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Women killed Hungry Joe. His response to them as sexual beings was one of frenzied worship and idolatry. They were lovely, satisfying, maddening manifestations of the miraculous, instruments of pleasure too powerful to be measured, too keen to be endured, and too exquisite to be intended for employment by the base, unworthy man. He could interpret their naked presence in his hands only as a cosmic oversight destined to be rectified speedily, and he was driven always to make what carnal use of them he could in the fleeting moment or two he felt he had before Someone caught wise and whisked them away. He could never decide whether to furgle them or photograph them, for he had found it impossible to do both simultaneously. (6.8)
Hungry Joe has such lust for women that he captures their images forever in photographs. His desire to photograph them is as strong as his desire to take women sexually – he is caught between the two choices indecisively.
"All right, I'll dance with you," she said, before Yossarian could even speak, "But I won't let you sleep with me […]."
She seized Yossarian's hand and pulled him out on the dance floor. She was a worse dancer than even he was, but she threw herself about to the synthetic jitterbug music with more uninhibited pleasure than he had ever observed […]. (16.2-6)
Luciana fascinates Yossarian because of the contradiction between her words and actions. Luciana keeps repeating that she won't sleep with Yossarian, but her actions may indicate otherwise. Luciana is the very incarnation of impulse and desire.
[…] Yossarian hurried as fast as he could all the way back to the cabaret and the bleary-eyed bleached blonde in the open orange satin blouse. She seemed infatuated with Aarfy, but he prayed intensely for her luscious aunt as he ran, or for a luscious girl friend, sister, cousin or mother who was just as libidinous and depraved. She would have been perfect for Yossarian, a debauched, coarse, vulgar, amoral, appetizing slattern whom he had longed for and idolized for months. (16.28)
Despite all Yossarian's claims of falling in love, this quote might reveal that he is more lustful than loving. He sees women as dehumanized objects for sex. Here, he does not even care for the actual girl, but would be fine with her "friend, sister, cousin or mother." Yossarian also seems to have long-standing obsessions with girls; he has been longing for this girl "for months."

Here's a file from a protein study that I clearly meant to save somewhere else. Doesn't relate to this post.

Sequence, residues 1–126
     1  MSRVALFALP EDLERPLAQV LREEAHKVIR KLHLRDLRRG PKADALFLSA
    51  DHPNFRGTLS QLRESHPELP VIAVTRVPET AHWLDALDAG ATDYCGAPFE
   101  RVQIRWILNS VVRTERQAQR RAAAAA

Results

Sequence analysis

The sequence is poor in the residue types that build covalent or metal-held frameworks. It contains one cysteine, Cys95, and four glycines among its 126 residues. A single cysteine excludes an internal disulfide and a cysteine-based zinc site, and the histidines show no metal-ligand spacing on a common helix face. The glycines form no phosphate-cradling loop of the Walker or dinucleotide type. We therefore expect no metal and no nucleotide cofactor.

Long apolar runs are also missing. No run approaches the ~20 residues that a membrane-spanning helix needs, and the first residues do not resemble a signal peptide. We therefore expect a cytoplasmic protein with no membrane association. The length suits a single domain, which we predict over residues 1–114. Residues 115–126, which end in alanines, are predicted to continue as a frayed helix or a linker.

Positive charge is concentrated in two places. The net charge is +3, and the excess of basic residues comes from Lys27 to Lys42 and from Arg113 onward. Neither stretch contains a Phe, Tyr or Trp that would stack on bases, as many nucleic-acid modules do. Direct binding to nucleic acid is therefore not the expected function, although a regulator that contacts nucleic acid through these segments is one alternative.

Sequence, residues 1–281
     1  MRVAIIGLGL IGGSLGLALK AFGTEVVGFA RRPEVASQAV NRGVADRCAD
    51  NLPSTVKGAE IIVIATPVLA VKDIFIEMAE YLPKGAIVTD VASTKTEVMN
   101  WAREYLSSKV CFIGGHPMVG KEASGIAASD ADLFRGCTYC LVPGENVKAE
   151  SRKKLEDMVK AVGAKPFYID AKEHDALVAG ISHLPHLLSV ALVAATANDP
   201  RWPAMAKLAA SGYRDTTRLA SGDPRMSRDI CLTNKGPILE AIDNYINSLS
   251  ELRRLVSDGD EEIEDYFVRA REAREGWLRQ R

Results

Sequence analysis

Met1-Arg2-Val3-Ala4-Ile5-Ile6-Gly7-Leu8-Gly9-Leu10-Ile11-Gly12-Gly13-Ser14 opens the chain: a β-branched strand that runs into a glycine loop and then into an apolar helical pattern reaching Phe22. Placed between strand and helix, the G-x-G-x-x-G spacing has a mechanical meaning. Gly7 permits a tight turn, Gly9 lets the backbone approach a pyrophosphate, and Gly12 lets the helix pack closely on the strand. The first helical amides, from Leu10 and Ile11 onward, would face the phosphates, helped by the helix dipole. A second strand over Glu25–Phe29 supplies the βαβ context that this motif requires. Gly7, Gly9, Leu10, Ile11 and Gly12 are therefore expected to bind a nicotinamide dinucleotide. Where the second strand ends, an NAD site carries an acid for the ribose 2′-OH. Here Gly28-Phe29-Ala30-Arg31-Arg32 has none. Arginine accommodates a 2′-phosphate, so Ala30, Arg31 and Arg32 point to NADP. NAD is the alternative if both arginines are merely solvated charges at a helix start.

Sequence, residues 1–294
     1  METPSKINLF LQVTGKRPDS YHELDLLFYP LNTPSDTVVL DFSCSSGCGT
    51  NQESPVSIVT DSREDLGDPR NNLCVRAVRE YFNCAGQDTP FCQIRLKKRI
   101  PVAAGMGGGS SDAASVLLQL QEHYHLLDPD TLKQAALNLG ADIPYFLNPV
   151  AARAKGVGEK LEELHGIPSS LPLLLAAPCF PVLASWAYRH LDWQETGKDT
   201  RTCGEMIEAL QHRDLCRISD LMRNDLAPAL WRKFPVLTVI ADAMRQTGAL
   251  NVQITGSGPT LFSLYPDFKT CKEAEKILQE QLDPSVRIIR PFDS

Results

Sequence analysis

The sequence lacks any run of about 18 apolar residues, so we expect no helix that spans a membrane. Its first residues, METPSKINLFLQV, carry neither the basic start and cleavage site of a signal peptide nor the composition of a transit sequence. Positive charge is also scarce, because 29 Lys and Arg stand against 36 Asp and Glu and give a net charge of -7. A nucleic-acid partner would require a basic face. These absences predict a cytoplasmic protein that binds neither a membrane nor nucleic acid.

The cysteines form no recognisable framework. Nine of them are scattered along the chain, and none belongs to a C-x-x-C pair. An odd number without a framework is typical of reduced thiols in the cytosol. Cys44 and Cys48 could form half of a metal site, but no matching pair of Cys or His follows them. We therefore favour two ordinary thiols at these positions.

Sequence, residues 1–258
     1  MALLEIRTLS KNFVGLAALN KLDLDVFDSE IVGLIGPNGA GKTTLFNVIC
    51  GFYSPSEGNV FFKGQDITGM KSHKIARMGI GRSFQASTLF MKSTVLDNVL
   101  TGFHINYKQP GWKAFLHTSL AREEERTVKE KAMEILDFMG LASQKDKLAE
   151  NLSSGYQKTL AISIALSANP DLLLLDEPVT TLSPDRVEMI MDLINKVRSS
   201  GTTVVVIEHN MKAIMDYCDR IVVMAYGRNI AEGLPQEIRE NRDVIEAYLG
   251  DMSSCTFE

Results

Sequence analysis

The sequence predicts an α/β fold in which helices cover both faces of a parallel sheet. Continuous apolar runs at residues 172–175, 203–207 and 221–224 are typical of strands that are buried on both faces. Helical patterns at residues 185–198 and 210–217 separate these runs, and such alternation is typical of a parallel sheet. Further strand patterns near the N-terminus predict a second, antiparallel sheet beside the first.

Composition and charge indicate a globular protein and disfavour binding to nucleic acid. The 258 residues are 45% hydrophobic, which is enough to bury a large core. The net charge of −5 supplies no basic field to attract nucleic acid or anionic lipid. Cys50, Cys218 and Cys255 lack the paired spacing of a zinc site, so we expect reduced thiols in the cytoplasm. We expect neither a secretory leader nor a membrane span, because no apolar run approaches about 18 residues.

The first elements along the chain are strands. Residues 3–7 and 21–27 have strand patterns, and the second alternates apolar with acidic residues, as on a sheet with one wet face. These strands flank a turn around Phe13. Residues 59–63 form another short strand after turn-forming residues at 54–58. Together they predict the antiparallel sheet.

Yossarian was madly in love with all of them as he made his way back to the officers' apartment, in love with Luciana, with the prurient intoxicated girl in the unbuttoned satin blouse, and with the beautiful rich countess and her beautiful rich daughter-in-law, both of whom would never let him touch them or even flirt with them. (16.29)
Yossarian falls "in love" easily, though his emotions run more toward lust than love.
Yossarian was madly in love with […] the beautiful rich countess and her beautiful rich daughter-in-law, both of whom would never let him touch them or even flirt with them. They doted kittenishly on Nately and deferred passively to Aarfy, but they thought Yossarian was crazy and recoiled from him with distasteful contempt each time he made an indecent proposal or tried to fondle them when they passed on the stairs. They were both superb creatures with pulpy, bright, pointed tongues, and mouths like round warm plums, a little sweet and sticky, a little rotten. They had class; Yossarian was not sure what class was, but he knew that they had it and he did not, and that they knew it, too. He could picture, as he walked, the kind of underclothing they wore against their svelte feminine parts, filmy, smooth, clinging garments of deepest black or of opalescent pastel radiance with flowering lace borders fragrant with the tantalizing fumes of pampered flesh and scented bath salts rising in a germinating cloud from their blue-white breasts. (16.29)
Yossarian's desire for these two women is never fulfilled; they are more temptations and fantasies than real women. Also, the use of "class" here is ironic because Yossarian typically uses negative words in association with the women, like "rotten," "fumes," and "germinating."